M1591.1 - O'Rourke, i.e. Brian-na-Murtha, the son of Brian, son of Owen, was banished, as stated before, into the Tuatha in Tirconnell, where he remained upwards of a year with Mac Sweeny (Owen Oge). After that he passed into Scotland, in hopes of obtaining protection or assistance from the King of Scotland. A party of the Queen's people, however, took him prisoner, and carried him into England and into London, where he remained for some time in prison, i.e. until the ensuing November Term. The law was urged against him, and he was condemned to death. He was afterwards hanged, beheaded, and quartered. The death of this Brian was one of the mournful stories of the Irish, for there had not been for a long time any one of his tribe who excelled him in bounty, in hospitality, in giving rewards for panegyrical poems, in sumptuousness, in numerous troops, in comeliness, in firmness, in maintaining the field of battle to defend his patrimony against foreign adventurers, for all which he was celebrated, until his death on this occasian.
The next Ó Ruairc of importance was Brian óg na samhthach, son of Brian na múrtha. Among other things, Brian óg distinguished himself on the side of the Gael at the 'Battle of the Curlews' in 1599 during the Nine Years War. Brian óg was also forced to flee Breifne, as his father had, ending up in Galway where he passed away at the age of 35.
M1604.1 - O'Rourke (Brian Oge, the son of Brian-na-Murtha, son of Brian Ballagh, son of Owen) died at Galway on the 28th of January, and was buried in the monastery of Ross-Iriala, with the Franciscan Friars. The death of the person who departed here was a great loss, for he was the supporting pillar and the battle-prop of the race of Aedh-Finn, the tower of battle for prowess, the star of the valour and chivalry of the Hy-Briuin; a brave and protecting man, who had not suffered Breifny to be molested in his time; a sedate and heroic man, kind to friends, fierce to foes; and the most illustrious that had come for some time of his family for clemency, hospitality, nobleness, firmness, and steadiness.
The next Ó Ruairc was Tadhg an fiona, a half-brother of Brian óg, who would die at age 28 in Dromahair. Some suspect he may have been poisoned in 1605. With his death the last of the lords of the Dromahair line held sway.
M1605.2 - O'Rourke (Teige, son of Brian, son of Brian, son of Owen), Lord of Breifny, a man who had experienced many hardships and difficulties while defending his patrimony against his brother, Brian Oge; a man who was not expected to die on his bed, but by the spear or sword; a man who had fought many difficult battles, and encountered many dangers, while struggling for his patrimony and the dignity of his father, until God at length permitted him to obtain the lordship, died, and was interred with due honour in the Franciscan Monastery at Carrickpatrick.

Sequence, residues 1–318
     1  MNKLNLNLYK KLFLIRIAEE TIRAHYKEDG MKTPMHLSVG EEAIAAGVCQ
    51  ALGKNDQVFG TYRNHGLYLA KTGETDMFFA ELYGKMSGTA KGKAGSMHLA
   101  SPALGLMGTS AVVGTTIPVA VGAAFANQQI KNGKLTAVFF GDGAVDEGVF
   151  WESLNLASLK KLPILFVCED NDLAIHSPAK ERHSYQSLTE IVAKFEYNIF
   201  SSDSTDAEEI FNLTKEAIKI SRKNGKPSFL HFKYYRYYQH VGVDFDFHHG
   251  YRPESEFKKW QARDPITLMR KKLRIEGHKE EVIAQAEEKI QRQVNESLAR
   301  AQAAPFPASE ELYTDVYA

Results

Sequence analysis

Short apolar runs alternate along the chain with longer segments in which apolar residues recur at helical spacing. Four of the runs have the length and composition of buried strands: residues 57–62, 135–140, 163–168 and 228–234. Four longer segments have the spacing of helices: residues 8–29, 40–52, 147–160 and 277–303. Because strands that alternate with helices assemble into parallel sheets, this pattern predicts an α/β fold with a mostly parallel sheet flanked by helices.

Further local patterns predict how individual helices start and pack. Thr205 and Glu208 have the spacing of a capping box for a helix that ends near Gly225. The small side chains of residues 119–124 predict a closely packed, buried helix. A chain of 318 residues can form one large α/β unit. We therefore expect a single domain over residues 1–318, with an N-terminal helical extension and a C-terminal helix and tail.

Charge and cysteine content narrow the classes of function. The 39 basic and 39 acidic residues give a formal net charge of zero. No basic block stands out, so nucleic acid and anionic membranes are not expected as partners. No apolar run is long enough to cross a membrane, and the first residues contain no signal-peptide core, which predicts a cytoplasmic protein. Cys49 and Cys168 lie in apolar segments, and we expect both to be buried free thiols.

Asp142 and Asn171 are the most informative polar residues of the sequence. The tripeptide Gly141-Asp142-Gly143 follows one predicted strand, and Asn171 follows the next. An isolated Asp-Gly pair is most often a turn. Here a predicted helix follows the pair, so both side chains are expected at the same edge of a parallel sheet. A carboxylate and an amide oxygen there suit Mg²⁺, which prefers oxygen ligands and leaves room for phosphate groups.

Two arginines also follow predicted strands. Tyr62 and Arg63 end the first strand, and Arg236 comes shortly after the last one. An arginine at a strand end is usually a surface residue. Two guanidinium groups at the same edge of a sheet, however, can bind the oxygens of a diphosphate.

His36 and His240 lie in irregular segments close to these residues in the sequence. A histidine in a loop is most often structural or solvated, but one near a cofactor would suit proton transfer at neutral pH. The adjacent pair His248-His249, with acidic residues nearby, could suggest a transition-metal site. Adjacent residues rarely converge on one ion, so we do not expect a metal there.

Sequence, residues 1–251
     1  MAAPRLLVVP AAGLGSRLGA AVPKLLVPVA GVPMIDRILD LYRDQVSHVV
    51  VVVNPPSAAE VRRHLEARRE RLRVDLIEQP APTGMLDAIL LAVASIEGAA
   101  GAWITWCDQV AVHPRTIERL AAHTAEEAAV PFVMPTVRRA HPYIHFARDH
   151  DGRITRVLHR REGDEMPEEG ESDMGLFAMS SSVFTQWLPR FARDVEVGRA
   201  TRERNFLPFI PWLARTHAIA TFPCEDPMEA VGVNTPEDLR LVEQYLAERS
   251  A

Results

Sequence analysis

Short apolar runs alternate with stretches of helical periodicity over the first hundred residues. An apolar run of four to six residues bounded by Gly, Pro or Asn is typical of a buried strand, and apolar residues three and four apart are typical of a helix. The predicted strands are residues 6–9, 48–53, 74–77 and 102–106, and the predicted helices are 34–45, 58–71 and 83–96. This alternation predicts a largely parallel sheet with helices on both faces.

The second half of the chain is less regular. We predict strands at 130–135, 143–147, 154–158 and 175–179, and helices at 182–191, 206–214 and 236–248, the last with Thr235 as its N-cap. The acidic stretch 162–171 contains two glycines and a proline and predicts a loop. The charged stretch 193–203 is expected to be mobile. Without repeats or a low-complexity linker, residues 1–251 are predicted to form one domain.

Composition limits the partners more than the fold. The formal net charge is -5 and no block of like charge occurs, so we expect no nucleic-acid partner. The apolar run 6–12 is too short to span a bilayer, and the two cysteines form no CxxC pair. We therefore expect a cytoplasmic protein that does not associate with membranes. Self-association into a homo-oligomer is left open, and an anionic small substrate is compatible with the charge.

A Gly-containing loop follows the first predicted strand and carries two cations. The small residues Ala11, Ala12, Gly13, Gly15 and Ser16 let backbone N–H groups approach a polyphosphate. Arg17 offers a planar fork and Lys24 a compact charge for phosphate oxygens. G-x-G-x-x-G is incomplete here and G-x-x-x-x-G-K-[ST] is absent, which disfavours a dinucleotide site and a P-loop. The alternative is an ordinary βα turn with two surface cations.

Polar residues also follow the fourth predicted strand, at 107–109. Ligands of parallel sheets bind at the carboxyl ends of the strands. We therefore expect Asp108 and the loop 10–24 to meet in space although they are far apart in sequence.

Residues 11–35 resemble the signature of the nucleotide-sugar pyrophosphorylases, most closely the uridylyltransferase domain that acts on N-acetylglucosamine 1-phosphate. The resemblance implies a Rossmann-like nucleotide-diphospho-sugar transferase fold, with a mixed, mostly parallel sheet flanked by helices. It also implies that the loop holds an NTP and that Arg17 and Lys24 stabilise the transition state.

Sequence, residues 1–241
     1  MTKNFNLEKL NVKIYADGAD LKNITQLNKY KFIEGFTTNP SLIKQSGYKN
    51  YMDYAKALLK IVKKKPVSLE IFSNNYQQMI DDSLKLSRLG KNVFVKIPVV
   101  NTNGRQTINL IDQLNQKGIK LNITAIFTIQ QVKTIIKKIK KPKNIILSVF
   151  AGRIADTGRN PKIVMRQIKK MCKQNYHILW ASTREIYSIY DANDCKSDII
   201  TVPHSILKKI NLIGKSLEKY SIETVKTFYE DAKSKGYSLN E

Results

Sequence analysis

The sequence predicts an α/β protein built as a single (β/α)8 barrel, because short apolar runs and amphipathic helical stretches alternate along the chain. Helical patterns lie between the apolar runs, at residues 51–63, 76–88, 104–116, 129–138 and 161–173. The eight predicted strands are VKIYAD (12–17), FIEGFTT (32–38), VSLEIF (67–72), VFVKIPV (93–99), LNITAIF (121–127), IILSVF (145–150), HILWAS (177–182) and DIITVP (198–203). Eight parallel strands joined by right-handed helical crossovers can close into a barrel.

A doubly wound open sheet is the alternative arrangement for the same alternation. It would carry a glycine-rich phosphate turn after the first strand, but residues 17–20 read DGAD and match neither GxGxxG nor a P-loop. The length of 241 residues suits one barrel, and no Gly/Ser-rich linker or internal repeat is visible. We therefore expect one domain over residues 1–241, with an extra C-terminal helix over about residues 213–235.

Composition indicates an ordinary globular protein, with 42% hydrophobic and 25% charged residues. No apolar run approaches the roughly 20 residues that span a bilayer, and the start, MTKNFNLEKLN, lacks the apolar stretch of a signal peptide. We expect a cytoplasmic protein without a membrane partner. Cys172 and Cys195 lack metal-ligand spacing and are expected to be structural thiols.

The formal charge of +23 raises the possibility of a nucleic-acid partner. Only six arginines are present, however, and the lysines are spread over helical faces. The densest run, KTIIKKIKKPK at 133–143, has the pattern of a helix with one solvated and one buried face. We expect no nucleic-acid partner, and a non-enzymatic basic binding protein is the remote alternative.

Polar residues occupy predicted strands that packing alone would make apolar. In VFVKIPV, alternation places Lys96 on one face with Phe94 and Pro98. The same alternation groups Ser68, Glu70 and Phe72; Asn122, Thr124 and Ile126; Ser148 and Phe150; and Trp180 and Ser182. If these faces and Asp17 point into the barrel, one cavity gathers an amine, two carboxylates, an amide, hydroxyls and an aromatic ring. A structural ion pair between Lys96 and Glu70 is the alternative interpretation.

Following the death of Tadhg an fiona, his sons Brian and Aedh were declared illegitimate by the English. They ultimately lost their claim to their father's inheritance. In a Tract on the O Rourkes, written in 1714 perhaps by Father Patrick O Curneen he notes, "the Duke of Buckingham received the manor of Dromahaire; Sir Frederick Hamilton the manor of Baile Hamilton; Grandison the manor of Druim-an-Snamh; the Parsons - Achadh Tamhnuigh, Beal an Atha Moir and An Garbhos (those are three manors); Henry Casto - Maothail; Blundel the manor of Leitrim; Sir George St. George (by marriage) the liberties of Cara; Robert Park the manor of Baile Nua; Seon Mor Mag Raghnaill - Loch an Scuir, Leacaoin, and An Ghrainneach (those are three manors); as well as many other small divisions between Goill and Gaoidhil which are not reckoned here."
The 17th century heralded the virtual extinction of Gaelic civilization as a political entity in Ireland. English law (and manipulation) resulted in taking properties formerly held by 'rebellious' or 'illegitimate' Irish heirs, and giving them to English settlers or those faithful to the Crown. The Irish uprising of 1641 was followed in the 1650s by wholesale confiscation of remaining Irish Catholic lands. By the end of the century English and Protestant landownership was the rule, especially east of the Shannon.
By some accounts Eóghan óg Ó Ruairc, grandson of Tighernán bán, was the last recognized Chief of his name. In a tract in Celtica it mentions that Eóghan Óg of Dromahair (grandson of Tiernan Ban) and Aedh (Hugh) of Kilnagarn, Dromahair, great-grandson of Hugh Gallda (Tiernan Ban's half-brother) were rivals for the title of Chief of the O Rourkes. The original tract was written in 1714, probably by Father Patrick O Curneen, poet and historian of the ORourkes. It was translated by Professor James Carney and published in 1950. In the same tract it mentions Eóghan Óg son of Eóghan Mór was judged to be Chief by the ollamháin of the Province of Connacht (Celtica, 1, 1950, page 266)
Ua Ruairc of Bréifne --
Genealogy Sources --
Lords and Kings of Bréifne --
Chart of O Ruarc Kings
"O'Rourkes of Dromahair", written by Dennis Walsh, May 2006, all rights reserved.
Sources used for this article include the Irish Annals; the 'middle' Irish genealogies (e.g. O'Clery); and Betty Mac Dermot's Book O Ruairc of Breifne.